George sat there not wanting to talk. It wasn’t because he couldn’t, but because he thought it would amount to nothing. He had misjudged his peers, thinking they were smart, when those in the room were the farthest thing from it. He called them nuisances, pond scum, crickets that wouldn’t shut up at night when he was in the privacy of his home.
It wasn’t that he wasn’t grateful to the company he had worked for the past thirty years. He had fond memories of the days when he was fresh out of college, and thought the whole world was his oyster to not only catch, pry open, but to admire the pearl inside. As the days turned into years that turned into a decade, the pearl had been lost and the chance of finding it again was gone.
He looked at his co-worker sitting across from him. He believed her name was Cindy, but wasn’t sure. If it was Cindy, he thought it was a stupid name, as no parent should be naming their child such a girlish name. His name wasn’t original either, but at least it wasn’t as bad as Cindy. His co-worker who sat to his left was named Meredith. She didn’t have a mean bone in her body and mainly kept to herself. His co-worker who sat to his right was Tom. He had a butt that kept giving long after he sat down. It was an unwritten rule that sunk in chair belonged to him and only him. He was a fat, millennial jerk who thought he had his life already figured out.
There were a handful of others in the room, but it was these three that George focused as his boss called his name.
“George, come up here, please.”
A combination of confusion and anticipation appeared on Cindy’s, Meredith’s, and Tom’s face along with everyone in the room.
His could care less stance had been replaced with this better not be what I think it is.
“If anyone knows the value of greatness, it’s this man. He started out a grunt at this company and worked his way up the ladder,” his boss said, patting George on his back. “He’s the epitome of what a person can achieve. His knowledge and leadership over the years have led to many valuable contributions. With this said, it’s my pleasure to present to you this achievement award.”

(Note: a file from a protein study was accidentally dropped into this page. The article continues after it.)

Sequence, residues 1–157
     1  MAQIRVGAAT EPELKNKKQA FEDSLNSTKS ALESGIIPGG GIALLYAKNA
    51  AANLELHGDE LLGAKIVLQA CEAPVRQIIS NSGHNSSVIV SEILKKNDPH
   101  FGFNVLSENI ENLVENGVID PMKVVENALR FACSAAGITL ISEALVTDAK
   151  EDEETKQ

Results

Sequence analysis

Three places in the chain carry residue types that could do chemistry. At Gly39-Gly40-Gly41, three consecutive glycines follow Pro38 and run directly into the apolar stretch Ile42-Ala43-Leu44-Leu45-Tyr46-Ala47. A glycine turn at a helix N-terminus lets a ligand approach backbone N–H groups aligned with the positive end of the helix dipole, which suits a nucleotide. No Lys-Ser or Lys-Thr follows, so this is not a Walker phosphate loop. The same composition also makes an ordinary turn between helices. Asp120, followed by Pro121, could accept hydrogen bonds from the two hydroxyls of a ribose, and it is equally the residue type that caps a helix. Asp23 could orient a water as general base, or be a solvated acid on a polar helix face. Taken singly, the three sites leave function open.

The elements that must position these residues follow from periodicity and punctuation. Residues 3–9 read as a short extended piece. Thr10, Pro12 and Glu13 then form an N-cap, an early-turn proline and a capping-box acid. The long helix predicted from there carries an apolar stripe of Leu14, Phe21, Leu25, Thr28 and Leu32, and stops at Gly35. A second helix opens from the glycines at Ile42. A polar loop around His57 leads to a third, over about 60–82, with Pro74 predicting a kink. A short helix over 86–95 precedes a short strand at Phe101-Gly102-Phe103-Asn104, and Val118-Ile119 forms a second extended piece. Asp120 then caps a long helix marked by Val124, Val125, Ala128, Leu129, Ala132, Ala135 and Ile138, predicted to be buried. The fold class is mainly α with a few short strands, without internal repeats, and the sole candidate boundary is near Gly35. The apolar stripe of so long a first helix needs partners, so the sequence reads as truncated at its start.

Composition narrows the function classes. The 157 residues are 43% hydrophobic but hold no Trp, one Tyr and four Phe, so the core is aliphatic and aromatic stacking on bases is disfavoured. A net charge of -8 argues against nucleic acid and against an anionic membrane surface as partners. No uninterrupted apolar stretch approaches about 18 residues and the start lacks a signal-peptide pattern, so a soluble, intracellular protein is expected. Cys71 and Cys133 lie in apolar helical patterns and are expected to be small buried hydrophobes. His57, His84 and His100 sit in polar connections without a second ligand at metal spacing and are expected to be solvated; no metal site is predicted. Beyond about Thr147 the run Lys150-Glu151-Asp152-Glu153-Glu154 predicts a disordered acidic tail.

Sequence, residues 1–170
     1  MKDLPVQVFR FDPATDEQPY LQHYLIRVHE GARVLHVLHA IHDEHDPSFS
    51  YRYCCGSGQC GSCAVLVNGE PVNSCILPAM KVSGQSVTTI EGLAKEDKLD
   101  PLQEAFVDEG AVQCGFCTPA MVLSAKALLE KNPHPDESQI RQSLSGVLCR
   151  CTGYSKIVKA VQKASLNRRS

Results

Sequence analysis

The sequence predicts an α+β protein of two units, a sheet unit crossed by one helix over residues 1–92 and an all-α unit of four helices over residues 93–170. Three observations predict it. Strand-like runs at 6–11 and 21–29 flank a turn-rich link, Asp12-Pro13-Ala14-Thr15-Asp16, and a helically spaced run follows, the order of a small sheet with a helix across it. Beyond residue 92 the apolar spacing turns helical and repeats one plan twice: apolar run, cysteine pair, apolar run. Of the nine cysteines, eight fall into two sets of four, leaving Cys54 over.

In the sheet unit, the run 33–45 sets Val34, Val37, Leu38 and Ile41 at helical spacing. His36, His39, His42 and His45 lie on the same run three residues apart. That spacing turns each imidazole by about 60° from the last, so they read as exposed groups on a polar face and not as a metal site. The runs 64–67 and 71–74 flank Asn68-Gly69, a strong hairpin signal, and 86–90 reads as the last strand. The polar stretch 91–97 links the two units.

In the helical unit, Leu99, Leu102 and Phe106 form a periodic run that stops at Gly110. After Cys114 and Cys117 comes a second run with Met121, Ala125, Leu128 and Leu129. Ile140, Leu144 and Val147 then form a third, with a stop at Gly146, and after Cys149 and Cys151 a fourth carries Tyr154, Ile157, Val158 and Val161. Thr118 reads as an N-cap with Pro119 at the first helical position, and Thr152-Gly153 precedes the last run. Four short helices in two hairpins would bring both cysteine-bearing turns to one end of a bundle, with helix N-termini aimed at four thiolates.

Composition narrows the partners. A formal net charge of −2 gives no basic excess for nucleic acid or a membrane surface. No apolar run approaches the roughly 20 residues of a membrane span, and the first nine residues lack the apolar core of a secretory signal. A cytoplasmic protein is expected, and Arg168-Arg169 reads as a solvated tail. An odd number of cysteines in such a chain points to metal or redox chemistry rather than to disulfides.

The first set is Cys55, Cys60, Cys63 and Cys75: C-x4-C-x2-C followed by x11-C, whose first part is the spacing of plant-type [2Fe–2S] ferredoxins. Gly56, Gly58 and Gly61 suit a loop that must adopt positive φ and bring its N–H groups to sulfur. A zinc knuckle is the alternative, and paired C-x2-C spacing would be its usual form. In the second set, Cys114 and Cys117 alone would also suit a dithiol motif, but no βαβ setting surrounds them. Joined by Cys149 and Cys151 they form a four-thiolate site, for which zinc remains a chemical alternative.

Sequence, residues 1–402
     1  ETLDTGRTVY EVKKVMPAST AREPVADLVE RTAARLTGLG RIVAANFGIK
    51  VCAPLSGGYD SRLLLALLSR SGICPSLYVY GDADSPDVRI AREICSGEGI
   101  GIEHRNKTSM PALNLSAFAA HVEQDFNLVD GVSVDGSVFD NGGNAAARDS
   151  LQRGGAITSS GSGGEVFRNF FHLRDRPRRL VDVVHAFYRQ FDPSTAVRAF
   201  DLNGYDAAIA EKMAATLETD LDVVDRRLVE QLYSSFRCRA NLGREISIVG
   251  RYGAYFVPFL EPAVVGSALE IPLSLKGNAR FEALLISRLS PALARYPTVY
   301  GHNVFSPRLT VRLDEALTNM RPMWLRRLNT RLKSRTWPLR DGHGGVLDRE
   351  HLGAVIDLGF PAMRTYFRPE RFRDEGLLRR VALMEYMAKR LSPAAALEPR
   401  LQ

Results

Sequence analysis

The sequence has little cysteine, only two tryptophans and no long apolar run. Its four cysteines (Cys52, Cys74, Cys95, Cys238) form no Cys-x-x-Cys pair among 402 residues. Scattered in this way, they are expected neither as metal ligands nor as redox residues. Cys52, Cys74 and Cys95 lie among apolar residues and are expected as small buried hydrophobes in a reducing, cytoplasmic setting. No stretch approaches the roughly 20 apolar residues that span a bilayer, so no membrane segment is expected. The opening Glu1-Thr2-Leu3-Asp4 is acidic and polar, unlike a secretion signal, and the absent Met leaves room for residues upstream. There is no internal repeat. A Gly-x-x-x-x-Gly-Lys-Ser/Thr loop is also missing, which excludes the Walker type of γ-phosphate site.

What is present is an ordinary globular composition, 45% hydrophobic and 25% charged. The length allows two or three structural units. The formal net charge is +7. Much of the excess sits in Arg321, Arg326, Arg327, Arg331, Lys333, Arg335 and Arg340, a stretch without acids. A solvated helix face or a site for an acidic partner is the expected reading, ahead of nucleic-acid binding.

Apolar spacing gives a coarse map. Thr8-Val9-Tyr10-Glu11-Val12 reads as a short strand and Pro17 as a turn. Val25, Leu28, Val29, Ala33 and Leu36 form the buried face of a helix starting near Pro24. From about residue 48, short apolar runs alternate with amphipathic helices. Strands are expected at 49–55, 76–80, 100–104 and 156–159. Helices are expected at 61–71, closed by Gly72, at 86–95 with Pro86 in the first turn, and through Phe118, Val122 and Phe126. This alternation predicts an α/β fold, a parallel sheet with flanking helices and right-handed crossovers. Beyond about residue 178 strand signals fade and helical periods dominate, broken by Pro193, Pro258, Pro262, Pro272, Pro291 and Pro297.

He watched his boss remove a glass plaque from a box and offer it to him. He wanted to grab it and throw it against the wall. He decided against it. There would be time to tell his boss how he really felt. When the plaque was in his grasp, his co-workers clapped long enough for him to feel dizzy. Half the room knew about the hidden meaning while the other half were too stupid to realize he was being forced out by someone he considered his friend. He hadn’t been sure if his boss wanted him gone, but it was clear now.
“Is there anything you want to add, George?”
“Not at the moment.”
“Alright, you heard the man,” his boss said. “The fun’s over. Everyone back to work. Empty seats are waiting.”
A short burst of laughter erupted.
George watched his co-workers file out of the room. He still thought the same about Cindy, Meredith, and Tom. They offered little to him in the last five years and would offer him even less in the next five.
His boss and himself were the last ones to the door. George almost let him go, but at the last moment, blocked him from leaving. He nudged him back into the room and shut the door.
“I’m ready to talk now.”